There's a lot of ebb and flow in our local scene, as bands rise to popularity and fade back into the fold, and at any given time there seems to be a handful of bands that are thrown into the spotlight and lavished with attention from the entire community at large. A friend of mine has a theory that there is a music mafia in Minneapolis -- a collection of writers, tweeters, and movers-and-shakers that seem to have an unspoken agreement to promote certain events and musicians at certain times -- but in reality, it seems that our scene is small enough that we are able to dote on a couple of bands at a time and that a few blog posts, videos, and reviews (what the jaded would call hype) are enough to push them to the forefront of our collective consciousness.
Long story short, for whatever reason Lookbook have become the
band these days, and their CD-release show at the Kitty Cat Klub had an
air immediacy and importance. By the time opener Shahs finished
his set, the place had sold out and even guest-listed patrons were
being turned away at the door at the order of the fire marshall.
Photo by Nikki Miller
The warm-up acts selected for the CD-release show were expertly placed. Shahs, a one-man-band featuring Tom Helgerson from To Kill A Petty Bougouisie, entranced the audience with his experimental electro wizardry, ratcheting his sounds from barely audible murmurs to loudly crashing vibrations at the twitch of a knob. Zoo Animal, who were featured this week in the #2 slot of our Picked to Click issue, lived up to their title of best new band by playing a dynamic, spot-on set of minimalist rock 'n' roll and undoubtedly gaining a whole new slew of fans, as the packed room reacted enthusiastically to their every calculated move.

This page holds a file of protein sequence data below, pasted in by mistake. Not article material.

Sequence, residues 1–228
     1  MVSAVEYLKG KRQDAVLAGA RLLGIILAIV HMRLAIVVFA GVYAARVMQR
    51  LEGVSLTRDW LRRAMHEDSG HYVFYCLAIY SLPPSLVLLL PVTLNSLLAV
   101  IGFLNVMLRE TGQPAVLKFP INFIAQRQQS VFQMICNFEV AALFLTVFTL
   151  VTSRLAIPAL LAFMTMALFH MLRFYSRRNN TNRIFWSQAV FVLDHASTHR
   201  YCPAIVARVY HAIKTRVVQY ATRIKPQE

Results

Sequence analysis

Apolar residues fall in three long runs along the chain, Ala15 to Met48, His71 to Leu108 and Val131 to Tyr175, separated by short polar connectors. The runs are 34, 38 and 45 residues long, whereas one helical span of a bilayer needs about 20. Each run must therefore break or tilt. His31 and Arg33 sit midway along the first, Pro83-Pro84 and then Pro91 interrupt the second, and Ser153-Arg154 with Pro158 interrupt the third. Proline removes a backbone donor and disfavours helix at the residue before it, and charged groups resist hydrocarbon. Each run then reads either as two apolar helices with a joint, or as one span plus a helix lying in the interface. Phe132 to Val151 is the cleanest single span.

Photo by Nikki Miller
And then there was Lookbook, the stars of the evening, who transformed the venue into a strobing dance club. It's not easy to get a crowd of Midwestern indie rock fans to shake their money makers, but as their set wore on lead singer Maggie Morrison issued a plea that people start moving their feet. Despite their modesty, people eventually started to comply, as Lookbook's more dancey new tunes off of their first full-length, Wild At Heart, seemed to shake the very foundation of the club.
Both Morrison and musical partner Grant Cutler were in top form, with Cutler multi-tasking near the back of the stage to provide drum tracks, synth rhythms and live guitar parts while Morrison's voice grew from a coy whisper into a pop diva's throaty wail. The duo even took the opportunity to debut an unperformed song -- the closing track off of Wild At Heart, "Surprise" -- which you can sample in this video clip shot by Justin Andert of Above the Fold: